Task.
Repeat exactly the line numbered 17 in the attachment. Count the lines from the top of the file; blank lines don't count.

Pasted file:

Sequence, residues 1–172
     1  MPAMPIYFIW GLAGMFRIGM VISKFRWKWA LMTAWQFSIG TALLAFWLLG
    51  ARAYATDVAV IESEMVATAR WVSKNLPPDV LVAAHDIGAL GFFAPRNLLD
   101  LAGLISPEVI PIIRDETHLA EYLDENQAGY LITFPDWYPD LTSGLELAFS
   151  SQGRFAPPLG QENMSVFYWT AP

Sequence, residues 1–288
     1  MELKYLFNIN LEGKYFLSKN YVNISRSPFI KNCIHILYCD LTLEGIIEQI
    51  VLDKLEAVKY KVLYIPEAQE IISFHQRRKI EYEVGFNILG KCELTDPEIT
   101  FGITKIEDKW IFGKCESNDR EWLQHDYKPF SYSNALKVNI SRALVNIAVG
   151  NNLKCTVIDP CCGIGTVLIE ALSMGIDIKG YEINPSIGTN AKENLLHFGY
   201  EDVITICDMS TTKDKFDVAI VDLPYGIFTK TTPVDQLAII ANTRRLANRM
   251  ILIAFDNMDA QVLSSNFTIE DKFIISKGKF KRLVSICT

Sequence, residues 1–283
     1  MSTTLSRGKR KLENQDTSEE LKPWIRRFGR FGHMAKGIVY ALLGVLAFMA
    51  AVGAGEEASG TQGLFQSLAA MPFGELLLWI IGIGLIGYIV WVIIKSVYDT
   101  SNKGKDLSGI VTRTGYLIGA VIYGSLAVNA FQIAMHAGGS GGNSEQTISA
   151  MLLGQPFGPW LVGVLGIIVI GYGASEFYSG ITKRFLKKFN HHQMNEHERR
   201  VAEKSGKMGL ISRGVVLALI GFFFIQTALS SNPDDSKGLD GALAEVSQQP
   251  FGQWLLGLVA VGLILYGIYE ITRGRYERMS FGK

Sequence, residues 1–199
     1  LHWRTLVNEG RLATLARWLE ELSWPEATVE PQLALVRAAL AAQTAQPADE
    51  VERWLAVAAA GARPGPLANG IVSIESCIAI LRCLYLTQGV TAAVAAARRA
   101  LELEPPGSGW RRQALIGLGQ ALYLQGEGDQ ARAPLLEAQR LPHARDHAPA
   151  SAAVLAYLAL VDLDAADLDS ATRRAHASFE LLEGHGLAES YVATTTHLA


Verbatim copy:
   151  MLLGQPFGPW LVGVLGIIVI GYGASEFYSG ITKRFLKKFN HHQMNEHERR